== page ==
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Meghan Payne
January 31, 2019

2018: The year of ‘fake influencers’

One of the biggest stories of 2018 was fake news on Facebook. But it wasn’t the only network troubled by the spread of bogus content. Instagram too faced its own challenge – ‘fake influencers’.

Whether it was influencers faking brand collaborations, photoshopping themselves into overseas destinations or even ‘scamming’ fellow bloggers into purchasing falsely advertised training courses, it became clear that this was no passing fad. So, as we settle into 2019, we have to ask – where does this leave influencer marketing?

The ‘logic’ behind faking posts

For aspiring influencers trying to make a name for themselves in an increasingly oversaturated blogging space, securing that first high-profile collaboration is tough going. More so if they don’t have any collaborations under their belt, as arguably this sends out a signal to brands that they’ve not yet made it.

In response, so-called up-and-coming influencers have started to fake brand collaborations and ‘hijack’ campaigns to get noticed and give themselves apparent credibility to both their followers and future clients. And it’s working.

Why so? Well, given that sponsored posts often follow a similar format, it’s relatively easy to duplicate the same messaging and visual identity of a campaign. So much so that it’s hard to identify what is and isn’t ‘real’. Does “Thanks to [generic brand]” and “I love [generic brand] because of A, B, C” sound familiar?

Although these sneaky undertakings won’t result in them receiving a fee for the product or service they are ‘advertising’ or the ‘free exposure’ they’re giving a brand – i.e. access to their audience – from the perspective of an opportunistic influencer, it’s deemed to be worth it.

The hope is that by suggesting a collaboration has taken place, they might, in the end, get a proper commission or two on the back of it. And although this is highly unlikely to be with the brand whose campaign they have exploited, the rationale is that other brands will sit up and take notice.

Can this be regulated?

While it’s clear that this isn’t the most professional way of landing a deal with a brand, there aren’t any hard and fast rules to penalise those that manipulate so-called social media loopholes.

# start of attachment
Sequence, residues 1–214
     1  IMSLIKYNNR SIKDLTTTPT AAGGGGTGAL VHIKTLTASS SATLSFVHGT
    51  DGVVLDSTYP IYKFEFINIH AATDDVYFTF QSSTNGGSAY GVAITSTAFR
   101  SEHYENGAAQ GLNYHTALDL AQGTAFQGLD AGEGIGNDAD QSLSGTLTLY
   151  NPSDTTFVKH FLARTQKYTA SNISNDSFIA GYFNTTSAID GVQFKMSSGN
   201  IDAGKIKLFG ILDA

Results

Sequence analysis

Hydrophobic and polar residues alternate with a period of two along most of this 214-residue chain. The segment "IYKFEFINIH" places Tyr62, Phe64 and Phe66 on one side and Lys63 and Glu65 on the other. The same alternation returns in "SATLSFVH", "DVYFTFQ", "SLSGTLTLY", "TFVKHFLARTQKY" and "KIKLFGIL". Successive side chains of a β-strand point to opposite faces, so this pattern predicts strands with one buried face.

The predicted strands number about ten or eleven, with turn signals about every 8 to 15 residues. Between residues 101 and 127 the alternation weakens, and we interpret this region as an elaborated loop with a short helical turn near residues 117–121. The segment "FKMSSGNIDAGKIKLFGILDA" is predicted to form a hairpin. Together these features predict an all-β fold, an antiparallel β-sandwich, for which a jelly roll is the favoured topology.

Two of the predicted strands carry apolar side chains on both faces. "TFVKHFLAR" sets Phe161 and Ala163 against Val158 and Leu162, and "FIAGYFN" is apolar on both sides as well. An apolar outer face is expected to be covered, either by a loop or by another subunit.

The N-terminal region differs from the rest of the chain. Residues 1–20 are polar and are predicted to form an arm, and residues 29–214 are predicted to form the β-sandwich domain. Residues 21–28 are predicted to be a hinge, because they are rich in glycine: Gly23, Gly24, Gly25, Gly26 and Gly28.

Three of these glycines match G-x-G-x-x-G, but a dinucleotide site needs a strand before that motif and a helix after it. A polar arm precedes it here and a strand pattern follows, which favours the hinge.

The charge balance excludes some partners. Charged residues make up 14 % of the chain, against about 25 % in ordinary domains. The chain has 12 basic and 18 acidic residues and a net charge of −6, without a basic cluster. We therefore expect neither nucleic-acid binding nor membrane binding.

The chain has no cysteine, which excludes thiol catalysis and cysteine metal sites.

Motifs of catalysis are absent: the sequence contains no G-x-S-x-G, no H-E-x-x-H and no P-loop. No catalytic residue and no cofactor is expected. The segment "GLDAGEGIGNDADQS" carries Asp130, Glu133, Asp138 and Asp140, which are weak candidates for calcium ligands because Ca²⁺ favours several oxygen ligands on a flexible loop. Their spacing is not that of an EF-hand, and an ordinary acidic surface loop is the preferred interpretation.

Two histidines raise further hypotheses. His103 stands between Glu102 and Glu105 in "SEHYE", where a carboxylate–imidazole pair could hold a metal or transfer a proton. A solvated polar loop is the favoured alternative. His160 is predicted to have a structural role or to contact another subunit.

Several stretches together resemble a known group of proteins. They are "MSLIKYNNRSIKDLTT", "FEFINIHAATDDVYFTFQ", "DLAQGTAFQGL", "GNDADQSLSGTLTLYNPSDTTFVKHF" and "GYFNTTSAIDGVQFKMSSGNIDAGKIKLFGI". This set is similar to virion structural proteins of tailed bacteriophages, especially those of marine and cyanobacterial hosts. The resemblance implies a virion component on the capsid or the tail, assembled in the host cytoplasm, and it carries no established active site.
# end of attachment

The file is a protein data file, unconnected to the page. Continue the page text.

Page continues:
For example, although the Advertising Standards Authority’s (ASA) guidelines require that all paid advertisements must be disclosed as paid ads, there is nothing preventing an influencer from captioning and styling their posts to make it look like they are collaborating with a brand. These are not, after all, ads.

Essentially, if a post is paid-for, influencers are obligated to make clear ‘that ads are ads’, with hashtags like #sponsored or #ad, for example. However, if a blogger isn’t being paid to promote a product or service, and has made one of their posts appear as if it has, then technically they’re not breaking any rules – and can’t really be reprimanded.

How to get around this

While easier said than done, more needs to be done to make influencer marketing, from the perspective of influencers, more professional. For example, establishing a code of conduct that outlines what is and what isn’t acceptable would send a strong message that publishing posts that deliberately hint at a collaboration is unacceptable. The hope is that culturally, this kind of activity becomes less and less frequent (especially if influencers and the industry at large buys into a set of standards).

Likewise, brands can also make it a lot harder for people to jump on the back of campaigns. So, instead of just collaborating with influencers on a one-off or ad hoc basis, investing in long-term partnerships, whereby bloggers become brand ambassadors, is recommended. This will make clearer who is and isn’t associated with a particular brand.

Where this leaves us in 2019

Of course, there is a lot to be said about the need for wannabe influencers to take responsibility over the integrity of their posts, however, equally so, the wider industry needs to make more of an effort to wise up to fake influencers, be a force for good and inspire the kind of change that really makes a difference – i.e. get ASA to update its guidelines. Similarly, in order for authenticity to win, influencer marketing campaigns need to be smarter, more dynamic and thoroughly put together and monitored throughout.

There’s plenty to be hopeful for in 2019 – this is still a burgeoning and fantastically creative industry and brands should definitely continue to work with and invest in influencers. However, it must be done better.

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